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For Vinita Rathi, Cointelegraph Innovation Circle Offers The Opportunity to Connect With More Women in Tech

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For Vinita Rathi, success has come through a mindset that many professionals and entrepreneurs struggle to adopt: knowing your strengths and leveraging them accordingly. But, as Rathi discovered, that often takes time and a few painful lessons.

A software engineer, Rathi started her career at Goldman Sachs, where she leveraged technology to help salespeople understand and position the company’s products to better serve customers. “When I became an executive director at Goldman, I really started thinking about what I wanted to do with my life and what would happen if I continued to be in investment banking for the next ten years,” she recalls. She decided to act upon a long-standing goal: to start something of her own.

There were fits and starts. In 2011, Rathi founded a UK clone of Groupon. “Groupon was not in the UK at the time and I thought if we could be an early entrant in this area, then we’d do well,” she says. But neither she nor her co-founder were particularly adept at, or enjoyed, sales. “I realized that my expertise is really building systems, but not going door-to-door to shopkeepers and signing them up to run deals,” says Rathi. The business was short-lived. Next, she launched a business that gave developers daily, bit-sized tips and tricks through text messages. “I think that could have worked if I had persisted for a year or so, but I quit early,” she recalls.

The third time was a charm. In 2012, she started Systango, a software development company, with her husband, Nilesh Rathi. She’s the tech wizard and he focuses on management and operations — a complementary skill combination that plays to both of their strengths. “I'm naturally quite introverted,” Rathi says. “I like working on my system and I’m not really somebody who would want to go out and build connections. And I think he does that well.”

Systango leverages talent in India to provide high-level business domain expertise to clients. Early-stage, high-growth companies are Systango’s bread and butter — UberConference and are long-time clients that have grown substantially. Systango also serves enterprise clients such as Porsche and Deloitte.

"I want to position myself as someone who really understands the [crypto/blockchain] space. I feel good about being able to participate in conversations and contribute [through Cointelegraph Innovation Circle]."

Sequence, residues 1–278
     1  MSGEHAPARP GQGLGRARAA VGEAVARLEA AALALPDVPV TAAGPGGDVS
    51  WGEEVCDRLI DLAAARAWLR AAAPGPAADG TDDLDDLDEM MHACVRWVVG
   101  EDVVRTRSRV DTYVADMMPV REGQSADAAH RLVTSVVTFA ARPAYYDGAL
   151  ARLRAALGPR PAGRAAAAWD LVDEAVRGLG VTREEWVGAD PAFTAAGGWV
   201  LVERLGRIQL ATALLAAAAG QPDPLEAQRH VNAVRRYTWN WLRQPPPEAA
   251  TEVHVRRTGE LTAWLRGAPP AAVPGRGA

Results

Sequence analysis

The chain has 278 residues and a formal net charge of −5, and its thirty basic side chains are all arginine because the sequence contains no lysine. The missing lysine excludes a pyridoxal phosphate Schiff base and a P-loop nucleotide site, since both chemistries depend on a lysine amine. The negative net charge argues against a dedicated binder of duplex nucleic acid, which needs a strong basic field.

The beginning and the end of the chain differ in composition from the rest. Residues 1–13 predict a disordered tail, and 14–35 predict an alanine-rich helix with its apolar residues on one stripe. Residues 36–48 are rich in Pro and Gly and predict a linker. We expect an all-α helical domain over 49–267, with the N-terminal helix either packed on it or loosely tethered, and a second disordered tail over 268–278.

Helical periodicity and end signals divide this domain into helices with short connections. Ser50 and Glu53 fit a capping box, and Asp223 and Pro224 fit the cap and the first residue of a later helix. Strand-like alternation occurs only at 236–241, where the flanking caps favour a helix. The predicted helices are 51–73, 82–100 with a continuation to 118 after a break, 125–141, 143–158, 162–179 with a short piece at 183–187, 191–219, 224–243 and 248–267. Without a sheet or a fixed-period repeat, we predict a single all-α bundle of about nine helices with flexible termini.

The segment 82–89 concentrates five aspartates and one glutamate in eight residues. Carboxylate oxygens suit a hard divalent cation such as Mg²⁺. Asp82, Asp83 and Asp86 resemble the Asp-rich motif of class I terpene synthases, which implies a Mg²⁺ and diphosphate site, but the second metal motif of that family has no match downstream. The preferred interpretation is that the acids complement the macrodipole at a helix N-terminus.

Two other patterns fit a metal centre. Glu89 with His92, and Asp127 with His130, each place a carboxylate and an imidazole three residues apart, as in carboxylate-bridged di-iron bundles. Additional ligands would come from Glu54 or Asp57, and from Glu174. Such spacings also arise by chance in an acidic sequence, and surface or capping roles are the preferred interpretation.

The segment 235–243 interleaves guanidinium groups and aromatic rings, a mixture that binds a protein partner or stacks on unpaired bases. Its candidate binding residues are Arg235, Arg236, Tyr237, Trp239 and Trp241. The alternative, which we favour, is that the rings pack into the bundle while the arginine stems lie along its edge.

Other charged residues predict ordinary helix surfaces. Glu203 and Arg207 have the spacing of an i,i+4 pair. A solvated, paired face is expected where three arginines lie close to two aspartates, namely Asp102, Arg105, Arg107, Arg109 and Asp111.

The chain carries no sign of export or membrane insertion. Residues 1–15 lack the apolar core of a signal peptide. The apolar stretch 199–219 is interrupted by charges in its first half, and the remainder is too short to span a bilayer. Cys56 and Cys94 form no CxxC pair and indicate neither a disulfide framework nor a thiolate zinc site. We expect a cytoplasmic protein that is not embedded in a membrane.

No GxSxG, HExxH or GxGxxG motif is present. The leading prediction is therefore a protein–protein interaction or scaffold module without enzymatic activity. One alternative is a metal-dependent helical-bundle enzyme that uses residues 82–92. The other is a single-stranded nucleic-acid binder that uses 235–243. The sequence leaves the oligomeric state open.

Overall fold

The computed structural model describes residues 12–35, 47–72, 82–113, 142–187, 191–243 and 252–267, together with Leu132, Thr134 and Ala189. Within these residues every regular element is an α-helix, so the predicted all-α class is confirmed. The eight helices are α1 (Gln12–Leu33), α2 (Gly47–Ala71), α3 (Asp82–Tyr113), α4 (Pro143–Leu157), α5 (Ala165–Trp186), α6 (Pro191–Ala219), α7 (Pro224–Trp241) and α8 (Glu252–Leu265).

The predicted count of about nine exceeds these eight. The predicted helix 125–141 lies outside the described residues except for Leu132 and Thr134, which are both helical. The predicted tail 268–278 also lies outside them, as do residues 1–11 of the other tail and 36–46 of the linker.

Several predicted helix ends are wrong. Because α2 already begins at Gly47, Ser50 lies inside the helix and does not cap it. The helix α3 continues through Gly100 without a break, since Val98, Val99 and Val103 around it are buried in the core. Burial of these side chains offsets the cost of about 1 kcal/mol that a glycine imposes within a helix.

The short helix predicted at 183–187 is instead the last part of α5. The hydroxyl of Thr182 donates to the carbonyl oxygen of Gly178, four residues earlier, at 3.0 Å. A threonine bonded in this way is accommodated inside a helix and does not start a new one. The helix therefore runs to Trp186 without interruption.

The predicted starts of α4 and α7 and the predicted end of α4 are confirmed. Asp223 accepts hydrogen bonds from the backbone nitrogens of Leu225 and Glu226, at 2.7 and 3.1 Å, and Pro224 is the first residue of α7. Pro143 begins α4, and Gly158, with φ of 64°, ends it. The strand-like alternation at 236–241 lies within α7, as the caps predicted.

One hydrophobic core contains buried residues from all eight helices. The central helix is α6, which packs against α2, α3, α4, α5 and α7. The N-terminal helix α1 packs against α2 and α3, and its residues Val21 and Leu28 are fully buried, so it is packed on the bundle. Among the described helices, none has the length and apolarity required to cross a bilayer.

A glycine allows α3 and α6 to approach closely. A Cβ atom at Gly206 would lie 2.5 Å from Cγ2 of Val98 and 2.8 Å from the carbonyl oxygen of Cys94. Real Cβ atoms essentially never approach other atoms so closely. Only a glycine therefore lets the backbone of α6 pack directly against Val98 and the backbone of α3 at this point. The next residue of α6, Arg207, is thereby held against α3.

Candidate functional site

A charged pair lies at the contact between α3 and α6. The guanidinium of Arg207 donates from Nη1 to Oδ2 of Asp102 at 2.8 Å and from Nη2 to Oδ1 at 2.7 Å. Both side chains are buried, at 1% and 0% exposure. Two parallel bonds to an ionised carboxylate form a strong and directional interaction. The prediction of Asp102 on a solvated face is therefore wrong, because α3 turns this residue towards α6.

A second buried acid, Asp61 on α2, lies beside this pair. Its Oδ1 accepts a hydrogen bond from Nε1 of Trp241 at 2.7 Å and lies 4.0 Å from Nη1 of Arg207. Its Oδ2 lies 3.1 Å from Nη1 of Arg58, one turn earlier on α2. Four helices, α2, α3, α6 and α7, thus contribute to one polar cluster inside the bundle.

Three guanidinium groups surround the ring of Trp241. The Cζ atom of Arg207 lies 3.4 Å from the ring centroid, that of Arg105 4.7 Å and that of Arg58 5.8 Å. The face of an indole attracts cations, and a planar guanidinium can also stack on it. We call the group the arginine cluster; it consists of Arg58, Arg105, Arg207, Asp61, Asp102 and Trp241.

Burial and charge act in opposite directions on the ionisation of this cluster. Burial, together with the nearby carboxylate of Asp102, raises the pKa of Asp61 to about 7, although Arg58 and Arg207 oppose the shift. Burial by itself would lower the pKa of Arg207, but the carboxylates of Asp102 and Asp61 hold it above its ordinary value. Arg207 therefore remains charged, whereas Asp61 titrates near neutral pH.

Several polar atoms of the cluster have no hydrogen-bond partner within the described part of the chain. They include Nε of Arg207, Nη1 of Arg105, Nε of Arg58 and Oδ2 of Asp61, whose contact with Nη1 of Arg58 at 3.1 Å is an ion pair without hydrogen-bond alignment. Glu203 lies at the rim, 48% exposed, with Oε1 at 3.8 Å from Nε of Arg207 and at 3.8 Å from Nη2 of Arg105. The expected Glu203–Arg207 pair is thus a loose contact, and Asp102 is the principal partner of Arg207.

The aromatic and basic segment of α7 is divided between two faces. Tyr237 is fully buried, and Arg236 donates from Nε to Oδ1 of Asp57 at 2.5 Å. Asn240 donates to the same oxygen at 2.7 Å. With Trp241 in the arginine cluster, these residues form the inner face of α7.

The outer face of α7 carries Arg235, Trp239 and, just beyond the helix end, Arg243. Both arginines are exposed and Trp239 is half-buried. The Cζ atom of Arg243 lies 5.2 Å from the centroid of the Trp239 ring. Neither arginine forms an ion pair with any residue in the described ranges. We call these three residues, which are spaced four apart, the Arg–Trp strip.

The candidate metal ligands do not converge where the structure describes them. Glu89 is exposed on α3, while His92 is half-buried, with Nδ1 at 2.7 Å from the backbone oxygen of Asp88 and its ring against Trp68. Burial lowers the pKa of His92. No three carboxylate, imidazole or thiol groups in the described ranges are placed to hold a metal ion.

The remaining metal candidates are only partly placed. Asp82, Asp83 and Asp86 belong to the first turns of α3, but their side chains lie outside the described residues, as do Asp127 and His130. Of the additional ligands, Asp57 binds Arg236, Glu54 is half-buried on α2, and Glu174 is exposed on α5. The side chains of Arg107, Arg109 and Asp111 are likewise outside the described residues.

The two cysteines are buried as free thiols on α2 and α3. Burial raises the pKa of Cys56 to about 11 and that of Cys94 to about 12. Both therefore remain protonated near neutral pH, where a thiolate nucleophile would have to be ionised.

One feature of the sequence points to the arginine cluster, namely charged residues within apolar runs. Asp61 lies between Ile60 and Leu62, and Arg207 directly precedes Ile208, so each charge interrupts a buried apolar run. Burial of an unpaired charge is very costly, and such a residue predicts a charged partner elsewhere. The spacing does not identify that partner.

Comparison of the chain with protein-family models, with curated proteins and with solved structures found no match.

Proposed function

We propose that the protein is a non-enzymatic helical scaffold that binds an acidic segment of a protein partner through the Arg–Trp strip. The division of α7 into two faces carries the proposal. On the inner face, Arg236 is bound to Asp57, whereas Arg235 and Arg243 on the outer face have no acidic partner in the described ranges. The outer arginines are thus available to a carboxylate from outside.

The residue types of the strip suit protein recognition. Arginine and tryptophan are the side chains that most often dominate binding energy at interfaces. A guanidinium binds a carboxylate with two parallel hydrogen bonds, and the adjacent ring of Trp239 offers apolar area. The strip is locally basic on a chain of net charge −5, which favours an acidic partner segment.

Among the company’s offerings are blockchain technology solutions. “Right now, we’re building a decentralized tamper-proof database that’s aggregating data from different blockchains,” Rathi says. “And then we’re building an API on top of it.”

Rathi was well aware that her company would face significant challenges. She grew up in India, but worked in the UK and knew that there were some negative preconceptions about Indian developers. “You hear that they don’t write good code, or that there are communications issues,” she says. “I realized that it’s more of a culture issue, more of how you mentor and develop your team. It’s a solvable problem.”

She hires developers from local colleges so she can train them before they develop bad habits elsewhere. New hires go through three to six months of training, during which they are mentored by a senior staff member and continually evaluated. “We’ve spent a lot of time designing and executing this over the last ten years and we have evolved a lot as an organization,” says Rathi. Building a blockchain team, she says, was particularly challenging and required signifcicant time, energy and financial resources. The company now has approximately 350 people, 280 of whom are developers.

Inspired by a specific need of her own, Rathi recently founded another company, Shootih. It’s a wealth management and trade execution platform for small- to medium-sized businesses that makes recommendations for short-term investing. Rathi realized that Systango collected revenue all month long, but expenses (mostly payroll) were almost all incurred in the beginning of the month. “We realized that between the 10th and the 30th, the cash sits idle in our bank account,” she says. Shootih (a Sanskrit word meaning prosperity) makes recommendations for investing that spare cash and then executes the trades. It’s currently being tested by six companies and is available only in India.

Rathi says she was attracted to Cointelegraph Innovation Circle by the opportunity to meet like-minded professionals. “I haven’t really come across a lot of women entrepreneurs who are also techie in nature,” she says. “I felt I could get involved [with Cointelegraph Innovation Circle] and give back to the community as well.” She is also participating in Expert Panels to establish herself as a thought leader. “I want to position myself as someone who really understands the [crypto/blockchain] space,” Rathi says. “I feel good about being able to participate in conversations and contribute.”